LETTERS: Professor Bill Rolston of Relatives for Justice criticised the letters sent by the Ombudsman to families of those killed in the conflict

Police Ombudsman won't investigate 26 Troubles killings due to Legacy Bill

THE POLICE Ombudsman's Office have informed victim's group Relatives for Justice (RFJ) that they will not be investigating the cases involving 26 families due to the British government's controversial Legacy Bill.

Relatives for Justice received 26 letters from the Police Ombudsman's Office addressed to each family to say they would not be in a 'position to investigate' complaints due to the Legacy Bill.

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The victims' group said all of the 26 letters were addressed to families in a similar and impersonal manner and did not mention the names of the person who was killed or any acknowledgement of the pain this would cause to families.

RFJ added many of the families involved made the original complains to the Ombudsman's Office "many, many years ago".

Relatives for Justice Chairperson, Professor Emeritus Bill Rolston, said: "This morning our offices are contacting the families involved to deliver this devastating news to bereaved parents, children, spouses and siblings. We need to visit some very elderly relatives who will not be in a position to receive phone calls due to their infirmity.

“I can hardly describe the impact of these letters to families. While a totally inappropriate process of decision making and information sharing by the Police Ombudsman, this is the devastating outworking of the British Government’s shameful Legacy Act.

“Further it is a legislative horror that is undermining the criminal justice architecture of the Good Friday Agreement.

“But most of all this development will have long-term implications with another trauma heaped upon already traumatised families.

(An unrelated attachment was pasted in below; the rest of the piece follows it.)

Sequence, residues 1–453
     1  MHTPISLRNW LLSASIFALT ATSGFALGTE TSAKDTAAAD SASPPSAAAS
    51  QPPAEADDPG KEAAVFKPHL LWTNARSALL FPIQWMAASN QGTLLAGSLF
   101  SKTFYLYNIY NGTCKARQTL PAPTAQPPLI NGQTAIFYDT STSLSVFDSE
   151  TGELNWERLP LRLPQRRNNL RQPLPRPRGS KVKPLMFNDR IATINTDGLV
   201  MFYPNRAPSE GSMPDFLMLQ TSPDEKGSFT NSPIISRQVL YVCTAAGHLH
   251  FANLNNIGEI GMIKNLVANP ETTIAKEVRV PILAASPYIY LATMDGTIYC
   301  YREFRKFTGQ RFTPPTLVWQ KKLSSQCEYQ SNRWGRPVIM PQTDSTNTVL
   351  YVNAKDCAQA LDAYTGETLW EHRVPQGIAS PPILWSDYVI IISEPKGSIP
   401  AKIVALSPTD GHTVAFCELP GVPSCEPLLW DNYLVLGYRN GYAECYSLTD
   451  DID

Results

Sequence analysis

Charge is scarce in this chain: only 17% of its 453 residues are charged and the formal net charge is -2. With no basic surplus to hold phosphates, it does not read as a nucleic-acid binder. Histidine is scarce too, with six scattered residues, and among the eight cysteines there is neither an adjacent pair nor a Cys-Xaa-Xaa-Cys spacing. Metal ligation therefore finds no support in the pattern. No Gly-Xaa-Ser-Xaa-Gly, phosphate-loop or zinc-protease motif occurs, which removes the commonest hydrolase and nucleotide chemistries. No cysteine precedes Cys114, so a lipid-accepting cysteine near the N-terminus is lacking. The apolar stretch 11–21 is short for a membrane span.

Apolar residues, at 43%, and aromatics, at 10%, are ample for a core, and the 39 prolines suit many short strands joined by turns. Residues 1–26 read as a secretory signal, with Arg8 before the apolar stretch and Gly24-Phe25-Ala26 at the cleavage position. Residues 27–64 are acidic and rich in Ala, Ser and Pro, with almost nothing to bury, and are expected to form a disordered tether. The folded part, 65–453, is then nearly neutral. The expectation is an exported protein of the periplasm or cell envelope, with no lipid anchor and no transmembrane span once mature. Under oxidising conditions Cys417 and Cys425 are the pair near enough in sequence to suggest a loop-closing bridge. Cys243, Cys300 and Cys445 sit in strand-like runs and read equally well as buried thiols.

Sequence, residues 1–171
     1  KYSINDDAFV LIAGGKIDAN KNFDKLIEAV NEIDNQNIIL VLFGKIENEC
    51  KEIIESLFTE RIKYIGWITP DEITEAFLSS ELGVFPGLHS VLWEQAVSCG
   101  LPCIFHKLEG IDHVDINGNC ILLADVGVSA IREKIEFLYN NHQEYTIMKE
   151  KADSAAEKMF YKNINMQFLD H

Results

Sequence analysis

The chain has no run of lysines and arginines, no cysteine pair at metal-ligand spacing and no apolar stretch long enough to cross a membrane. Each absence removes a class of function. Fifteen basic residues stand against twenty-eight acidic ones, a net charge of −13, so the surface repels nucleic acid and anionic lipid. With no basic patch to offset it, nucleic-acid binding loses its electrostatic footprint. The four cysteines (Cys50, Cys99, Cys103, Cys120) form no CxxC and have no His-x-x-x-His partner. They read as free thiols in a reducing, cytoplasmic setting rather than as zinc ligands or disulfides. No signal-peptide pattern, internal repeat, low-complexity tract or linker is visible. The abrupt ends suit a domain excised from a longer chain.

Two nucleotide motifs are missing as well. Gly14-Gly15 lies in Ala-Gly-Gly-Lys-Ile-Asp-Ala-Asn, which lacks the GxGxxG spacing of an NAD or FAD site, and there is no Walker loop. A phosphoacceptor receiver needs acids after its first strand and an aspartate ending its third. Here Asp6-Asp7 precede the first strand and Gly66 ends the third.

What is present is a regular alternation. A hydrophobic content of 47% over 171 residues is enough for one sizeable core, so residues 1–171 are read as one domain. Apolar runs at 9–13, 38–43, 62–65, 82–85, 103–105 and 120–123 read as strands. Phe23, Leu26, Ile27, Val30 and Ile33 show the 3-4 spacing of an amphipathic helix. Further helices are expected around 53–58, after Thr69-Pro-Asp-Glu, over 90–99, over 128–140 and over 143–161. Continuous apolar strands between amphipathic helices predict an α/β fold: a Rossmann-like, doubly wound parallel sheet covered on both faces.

“The pretence that this is in any way a victim-centred process is exposed, but that is no comfort to families who are once again being let down by the state.”

North Belfast Sinn Féin MP John Finucane criticised the manner of the letters and denounced the British government's Legacy Bill.

“The manner in which these letters have been sent to 26 families is disgraceful and cold," he said.

“These letters are not individual to the families. Rather, they are a generic and impersonal letter which fails to take into account the sensitivities or grief felt by families who are waiting decades for the truth of what happened to their loved one.

“The British government’s cynical and cruel Legacy Bill was only about one thing; closing the door on families ever getting truth and justice.

“This flawed and irredeemable bill was rejected by victims, all political parties on this island, human rights experts, churches, the US, UN, EU and Irish Government.

“I am once again calling on the Irish government to confront this denial of human rights and breach of international human rights law through an interstate case and international action against the British government.”